According to Alfred Darlington, the frighteningly articulate, incredibly charming fellow behind the amorphous musical entity that is Daedelus, sitting down to make a beat can prove a terrifying experience.
“It’s completely scary,” he urges. “You sit down at this computer or whatever else and you can either make a genre piece – something that you’ve heard however many times and that is safe – or you can go into a territory where there’s no rulebook, and that’s scary territory.”
“If you’re writing a rock song, you know there are going to be some guitars in there, and if not guitars then probably a piano, and you’re probably going to sing something that can speak to a 14-year-old girl or a 15-year-old guys,” he laughs. “But if you move outside of those tropes, things can get pretty wild.
“There is no algorithm for art.”
Darlington would know. Across a decade-long career, the 34-year-old has made a name on the back of his lateral excursions through abstract hip-hop, orchestrally-challenged electronics and various strains of positively bonkers sound-craft, whether playful, avant or both.
“There’s so much music out there that we’re so drowning in sound,” he says, chatting from his home in Santa Monica on the eve of his Australian tour, which sees him play KUBIK tonight as part of Melbourne Music Week. “So I want to make sure I express some genuinely new and different thoughts and ideas, and I don’t want to waste people’s time. We have so little of it in some ways.”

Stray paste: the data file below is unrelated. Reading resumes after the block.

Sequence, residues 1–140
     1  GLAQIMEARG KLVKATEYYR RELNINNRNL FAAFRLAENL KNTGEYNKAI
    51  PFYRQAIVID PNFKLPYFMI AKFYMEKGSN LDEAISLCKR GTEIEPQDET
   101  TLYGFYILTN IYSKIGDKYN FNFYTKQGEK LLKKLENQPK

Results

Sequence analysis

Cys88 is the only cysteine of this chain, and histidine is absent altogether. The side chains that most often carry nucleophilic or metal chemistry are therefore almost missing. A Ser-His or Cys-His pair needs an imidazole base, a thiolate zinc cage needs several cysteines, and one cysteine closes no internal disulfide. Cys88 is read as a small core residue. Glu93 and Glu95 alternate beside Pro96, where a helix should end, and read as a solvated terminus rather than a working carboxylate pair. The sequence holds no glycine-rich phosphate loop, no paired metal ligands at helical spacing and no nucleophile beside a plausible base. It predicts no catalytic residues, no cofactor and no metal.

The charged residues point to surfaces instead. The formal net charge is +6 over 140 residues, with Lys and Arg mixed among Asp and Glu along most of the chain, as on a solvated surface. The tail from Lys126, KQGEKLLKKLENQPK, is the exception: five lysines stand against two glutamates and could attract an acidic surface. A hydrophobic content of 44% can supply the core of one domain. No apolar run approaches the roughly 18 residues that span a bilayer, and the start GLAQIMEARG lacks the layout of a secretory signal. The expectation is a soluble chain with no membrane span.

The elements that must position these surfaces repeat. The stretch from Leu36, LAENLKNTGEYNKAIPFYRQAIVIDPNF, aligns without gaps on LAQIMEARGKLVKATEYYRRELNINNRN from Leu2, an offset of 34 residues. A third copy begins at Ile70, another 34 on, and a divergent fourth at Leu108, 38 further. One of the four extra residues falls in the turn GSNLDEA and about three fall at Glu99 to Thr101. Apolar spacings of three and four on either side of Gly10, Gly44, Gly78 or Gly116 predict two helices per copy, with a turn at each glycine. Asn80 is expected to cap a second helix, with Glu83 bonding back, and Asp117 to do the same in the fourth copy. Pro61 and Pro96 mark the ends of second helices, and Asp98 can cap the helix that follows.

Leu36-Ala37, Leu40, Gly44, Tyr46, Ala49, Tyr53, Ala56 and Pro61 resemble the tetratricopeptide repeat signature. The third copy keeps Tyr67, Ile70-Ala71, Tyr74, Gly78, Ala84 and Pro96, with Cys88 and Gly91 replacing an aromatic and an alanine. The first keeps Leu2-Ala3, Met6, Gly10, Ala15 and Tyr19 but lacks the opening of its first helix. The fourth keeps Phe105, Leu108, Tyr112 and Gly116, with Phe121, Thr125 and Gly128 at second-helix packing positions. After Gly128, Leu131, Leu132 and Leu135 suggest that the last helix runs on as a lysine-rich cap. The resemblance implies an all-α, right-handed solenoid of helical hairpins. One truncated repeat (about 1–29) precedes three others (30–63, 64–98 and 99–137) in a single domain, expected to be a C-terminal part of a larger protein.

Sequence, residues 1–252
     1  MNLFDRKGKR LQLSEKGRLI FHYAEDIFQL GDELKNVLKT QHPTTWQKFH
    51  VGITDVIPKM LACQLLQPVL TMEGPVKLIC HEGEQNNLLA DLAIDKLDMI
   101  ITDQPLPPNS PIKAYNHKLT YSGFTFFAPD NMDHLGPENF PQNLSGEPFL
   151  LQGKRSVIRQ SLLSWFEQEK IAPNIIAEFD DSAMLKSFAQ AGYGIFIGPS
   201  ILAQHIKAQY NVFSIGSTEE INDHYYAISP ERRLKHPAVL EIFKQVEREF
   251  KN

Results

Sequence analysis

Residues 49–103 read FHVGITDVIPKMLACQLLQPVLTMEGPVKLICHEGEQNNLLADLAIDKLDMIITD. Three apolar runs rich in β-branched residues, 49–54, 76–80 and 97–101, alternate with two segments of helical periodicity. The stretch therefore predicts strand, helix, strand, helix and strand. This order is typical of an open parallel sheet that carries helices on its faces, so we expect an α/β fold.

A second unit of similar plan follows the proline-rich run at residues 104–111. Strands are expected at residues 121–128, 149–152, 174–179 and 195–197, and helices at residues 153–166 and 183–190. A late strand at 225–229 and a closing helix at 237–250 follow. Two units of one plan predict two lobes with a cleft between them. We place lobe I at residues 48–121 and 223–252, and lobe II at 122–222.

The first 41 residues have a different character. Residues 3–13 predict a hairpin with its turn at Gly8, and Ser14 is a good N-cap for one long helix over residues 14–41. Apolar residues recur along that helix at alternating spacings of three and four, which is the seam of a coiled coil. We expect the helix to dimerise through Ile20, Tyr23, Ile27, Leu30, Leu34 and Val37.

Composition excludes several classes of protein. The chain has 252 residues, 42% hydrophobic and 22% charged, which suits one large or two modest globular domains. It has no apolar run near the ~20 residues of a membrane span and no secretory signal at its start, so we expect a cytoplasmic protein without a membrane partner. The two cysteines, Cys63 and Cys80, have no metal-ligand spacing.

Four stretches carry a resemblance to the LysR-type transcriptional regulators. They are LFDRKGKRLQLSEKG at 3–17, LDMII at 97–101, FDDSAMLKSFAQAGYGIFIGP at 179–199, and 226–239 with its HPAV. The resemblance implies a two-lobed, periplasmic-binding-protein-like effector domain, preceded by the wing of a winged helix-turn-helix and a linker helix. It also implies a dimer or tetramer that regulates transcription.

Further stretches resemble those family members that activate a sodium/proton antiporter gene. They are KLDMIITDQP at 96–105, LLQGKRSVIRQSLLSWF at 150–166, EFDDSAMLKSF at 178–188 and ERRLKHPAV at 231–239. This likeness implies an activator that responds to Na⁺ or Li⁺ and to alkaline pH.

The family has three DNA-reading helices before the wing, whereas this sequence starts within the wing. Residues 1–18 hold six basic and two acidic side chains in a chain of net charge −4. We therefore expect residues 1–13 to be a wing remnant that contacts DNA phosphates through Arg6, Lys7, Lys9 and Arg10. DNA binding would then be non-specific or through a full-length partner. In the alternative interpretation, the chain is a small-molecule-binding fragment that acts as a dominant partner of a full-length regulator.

Indeed, Darlington – whose recent Bespoke album for Ninja Tune follows a cavalcade of releases for some of the world’s most prestigious boutique electronic labels such as Soul Jazz, Warp, Stones Throw, Alpha Pup and Flying Lotus’s Brainfeeder – operates on a different plane to most. Genre and categorisation be gone. “If you just decide to ignore all the discourse around genre, it really doesn’t exist,” he muses. “It’s an invention of talented writers and music critics and people who are putting their reflection on it. If you’re there at a club and you’re really feeling it, I don’t think you really care about the name of what you’re dancing to.”
It might seem an unlikely statement from a guy who studied classical and jazz music at a university level. Darlington, however, sees as many similarities between the more traditional forms and electronic music as there are differences.
“If you listen to a Charlie Parker solo, you could write dissertations on the amount of material he’s quoting from other melodies and other players who were around him,” he says. “Which is really quite similar to the idea of sampling. It’s part of his genius.”
There is, however, one particularly stirring distinction – a little something Darlington frames as “synthesis”. “Through the synthesis you can achieve via electronic music, you can really go new places,” he urges. “You can combine together an orchestral melody with a break beat and you can fundamentally go some place that was unimagined by the originators of the sampled material – the sonority is mixing in ways that can’t be predicted.”
And it’s this limitless potential that drives the man who dubs himself Daedelus. “There’s research now that suggests that some choral music or organ music, part of its power is that when it’s done in these huge spaces – these cathedrals, these synagogues, these shrines – it actually resonates in certain parts of your body that produce euphoria and dread,” he laughs excitedly. “It’s that idea of synesthesia, the mixing of the senses.
“There’s this crazy physical component that we’ve been repeating for millennia, but maybe not understanding and now we have the technical resources to do it at will.”
Daedelus plays at Good God on Friday the 25th November at 8pm.